Annals of Indian Academy of Neurology
: 2013  |  Volume : 16  |  Issue : 2  |  Page : 264--265

Vogt-Koyanagi-Harada syndrome presenting with encephalopathy

Alireza E Naeini1, Dana Daneshmand1, Farzin Khorvash1, Ahmad Chitsaz2,  
1 Department of Infectious and Tropical Diseases, Isfahan University of Medical Sciences, Isfahan, Iran
2 Department of Neurology, Isfahan University of Medical Sciences, Isfahan, Iran

Correspondence Address:
Alireza E Naeini
Shams Abadi St. No.106, Razi Medical building, 8134776514, Isfahan


VogtKoyanagi-Harada (VKH) is a rare syndrome affecting tissues with melanocytes. The possibility that VKH syndrome has an autoimmune pathogenesis is supported by the high frequency of human leukocyte antigen-DR4 commonly associated with other autoimmune diseases. Eyes are the main affected organ, resulting in blindness. Brain disease as a late onset event is extremely rare. Here, we are reporting a 57-year-old woman with previously diagnosed VKH syndrome, presenting with a late-onset brain encephalopathy. She was treated with corticosteroids and discharged from hospital with good general condition.

How to cite this article:
Naeini AE, Daneshmand D, Khorvash F, Chitsaz A. Vogt-Koyanagi-Harada syndrome presenting with encephalopathy.Ann Indian Acad Neurol 2013;16:264-265

How to cite this URL:
Naeini AE, Daneshmand D, Khorvash F, Chitsaz A. Vogt-Koyanagi-Harada syndrome presenting with encephalopathy. Ann Indian Acad Neurol [serial online] 2013 [cited 2022 Jan 23 ];16:264-265
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Full Text


Vogt--Koyanagi--Harada syndrome is a rare multisystemic disease of presumed autoimmune etiology, affecting various melanocyte-containing organs. [1] The classic course of VKH syndrome has three phases. The first phase is the meningoencephalitis phase, with various neurological symptoms. The second phase is the ophthalmic auditory phase, presenting with bilateral, chronic, diffuse granulomatous panuveitis that is frequently associated with auditory and integumentary manifestations with the onset of ocular disease. The third phase is convalescent, characterized by cutaneous signs. [2],[3],[4] The clinical features of VKH syndrome vary depending on the phase of the disease. [5] The consequence of eye disease are granulomatous anterior uveitis, vitritis, thickening of the posterior choroid with elevation of the peripapillary retinal choroidal layer, heperemia and edema of the optic nerve and multiple serous retinal detachments. [6] This eye disease will progress to blindness. Neurological findings that commonly appear at the acute stage of this syndrome are meningismus, tinitus and cerebrospinal fluid pleocytosis. [7] Systemic corticosteroids and immunomodulatory agents have been used for therapy of this syndrome. [8] Diffuse brain disease has not been reported in the late course of this syndrome. Here, we are reporting a 57year-old woman with VKH syndrome presenting with a diffuse brain involvement.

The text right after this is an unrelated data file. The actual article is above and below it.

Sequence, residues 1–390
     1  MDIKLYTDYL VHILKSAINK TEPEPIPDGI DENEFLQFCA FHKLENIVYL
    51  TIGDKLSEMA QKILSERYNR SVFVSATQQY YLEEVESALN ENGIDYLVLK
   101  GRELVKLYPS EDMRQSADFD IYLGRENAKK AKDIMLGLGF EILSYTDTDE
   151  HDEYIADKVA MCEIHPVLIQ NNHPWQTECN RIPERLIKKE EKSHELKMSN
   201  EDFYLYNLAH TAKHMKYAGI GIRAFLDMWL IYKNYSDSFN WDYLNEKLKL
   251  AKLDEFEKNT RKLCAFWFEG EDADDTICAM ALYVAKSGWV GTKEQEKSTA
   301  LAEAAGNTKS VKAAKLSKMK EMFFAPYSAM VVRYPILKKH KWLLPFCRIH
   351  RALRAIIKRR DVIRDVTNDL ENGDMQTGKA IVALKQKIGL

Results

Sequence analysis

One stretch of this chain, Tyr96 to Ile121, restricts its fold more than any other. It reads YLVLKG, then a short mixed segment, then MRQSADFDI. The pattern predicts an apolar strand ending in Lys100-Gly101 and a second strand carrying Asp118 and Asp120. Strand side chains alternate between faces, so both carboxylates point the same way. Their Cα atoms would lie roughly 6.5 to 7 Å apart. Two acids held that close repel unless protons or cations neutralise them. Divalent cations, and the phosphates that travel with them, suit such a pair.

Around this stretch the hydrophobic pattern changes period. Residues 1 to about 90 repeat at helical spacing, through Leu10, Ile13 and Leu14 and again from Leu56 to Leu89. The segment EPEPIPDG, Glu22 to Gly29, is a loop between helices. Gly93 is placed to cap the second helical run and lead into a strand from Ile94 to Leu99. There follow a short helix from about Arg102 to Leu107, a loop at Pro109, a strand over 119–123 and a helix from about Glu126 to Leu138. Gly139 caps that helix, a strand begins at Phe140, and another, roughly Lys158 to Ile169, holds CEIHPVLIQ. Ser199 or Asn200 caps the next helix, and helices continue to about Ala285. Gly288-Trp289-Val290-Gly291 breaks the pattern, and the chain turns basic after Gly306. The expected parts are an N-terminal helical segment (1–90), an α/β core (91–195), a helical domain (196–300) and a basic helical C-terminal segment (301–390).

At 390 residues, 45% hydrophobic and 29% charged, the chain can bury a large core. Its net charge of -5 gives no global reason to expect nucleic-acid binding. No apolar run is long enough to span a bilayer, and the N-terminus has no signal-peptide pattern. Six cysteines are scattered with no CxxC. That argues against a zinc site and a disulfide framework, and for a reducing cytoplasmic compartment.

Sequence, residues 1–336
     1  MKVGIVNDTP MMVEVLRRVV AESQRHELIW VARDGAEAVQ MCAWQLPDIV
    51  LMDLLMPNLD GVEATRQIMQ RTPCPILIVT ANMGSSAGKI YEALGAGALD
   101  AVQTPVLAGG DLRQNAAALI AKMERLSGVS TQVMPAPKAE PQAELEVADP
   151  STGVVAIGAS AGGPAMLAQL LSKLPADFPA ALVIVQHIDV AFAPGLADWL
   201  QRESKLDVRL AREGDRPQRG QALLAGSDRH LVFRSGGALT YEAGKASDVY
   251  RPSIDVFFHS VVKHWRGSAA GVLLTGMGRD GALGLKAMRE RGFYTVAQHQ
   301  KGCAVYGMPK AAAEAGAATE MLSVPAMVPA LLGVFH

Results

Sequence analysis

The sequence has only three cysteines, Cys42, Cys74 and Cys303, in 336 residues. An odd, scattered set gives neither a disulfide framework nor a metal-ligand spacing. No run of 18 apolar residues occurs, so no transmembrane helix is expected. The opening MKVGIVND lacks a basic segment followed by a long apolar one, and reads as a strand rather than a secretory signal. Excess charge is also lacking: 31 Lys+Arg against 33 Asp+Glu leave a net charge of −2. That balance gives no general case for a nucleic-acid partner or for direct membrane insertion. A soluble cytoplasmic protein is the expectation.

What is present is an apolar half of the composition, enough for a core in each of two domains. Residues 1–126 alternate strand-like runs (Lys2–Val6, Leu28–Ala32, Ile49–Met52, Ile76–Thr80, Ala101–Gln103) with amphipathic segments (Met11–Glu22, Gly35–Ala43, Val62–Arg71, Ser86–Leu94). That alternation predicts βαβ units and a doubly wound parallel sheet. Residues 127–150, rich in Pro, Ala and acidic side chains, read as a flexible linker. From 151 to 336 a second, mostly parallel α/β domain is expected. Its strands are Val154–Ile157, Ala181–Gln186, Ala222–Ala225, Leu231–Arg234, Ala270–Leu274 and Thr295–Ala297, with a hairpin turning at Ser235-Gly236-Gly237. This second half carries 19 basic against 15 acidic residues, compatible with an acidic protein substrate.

Case Report

An Isfahanian, 57-year-old blind woman presented to the Al-Zahra Hospital Emergency Room, suffering with fever and loss of consciousness. She had become blind 48 years ago due to the VKH syndrome. Her underlying syndrome was diagnosed in an ophthalmology center in London, and she had been taking prednisolone for a period of time. She had no other symptoms during these years. Five days before referring to the hospital, she had been experiencing fever, headache, vomiting and intermittent disorientation to time and place. At the day of admission, she gradually lost her consciousness. On examination the axillary temperature was 39°C and Glasgow Consciousness Score was 3/15. No signs of meningeal irritation were detected. Cerebrospinal fluid (CSF) analysis showed a mild increase of protein (60 mg/dL), and other parameters such as herpes simplex virus - polymeaerase chain reaction (HSV-PCR) were normal. Brain magnetic resonance imaging (MRI) showed diffuse T2 and FLAIR hyperintensity in the right temporal, both frontal and right parietal lobes that were hyposignal in T1 [Figure 1]. Other laboratory data were normal. The patient dramatically responded to systemic corticosteroid therapy and was discharged from the hospital with good general condition.{Figure 1}


Our patient had loss of consciousness without meningeal irritation signs and nearly normal CSF analysis. The brain MRI showed involvement of the right temporal, both frontal and right parietal lobes. The neurological manifestations of VKH syndrome usually occurs in the initial phase of the disorder, and consists of headache, meningismus and, occasionally, focal neurological signs, including cranial neuropathies, hemiparesis, aphasia, transverse myelitis and ganglionitis. [6] Rarely peripheral neuropathy occurs among a constellation of other neurologic problems in patients with VKH syndrome. Neurological findings in VKH essentially have been attributed to the aseptic meningitis-like syndrome. [7] Wang has reported VKH in a 16year-old girl with weakness of lower extremities. Her spinal MRI revealed longtudinal spinal cord lesions. [8] Lohman has described a 28-year-old man whose bran MRI finding included white matter abnormalities on FLAIR and leptomeningeal enhancement. [9] Late-onset paranchymal diffuse brain disease due to underlying VKH syndrome is extremely rare.


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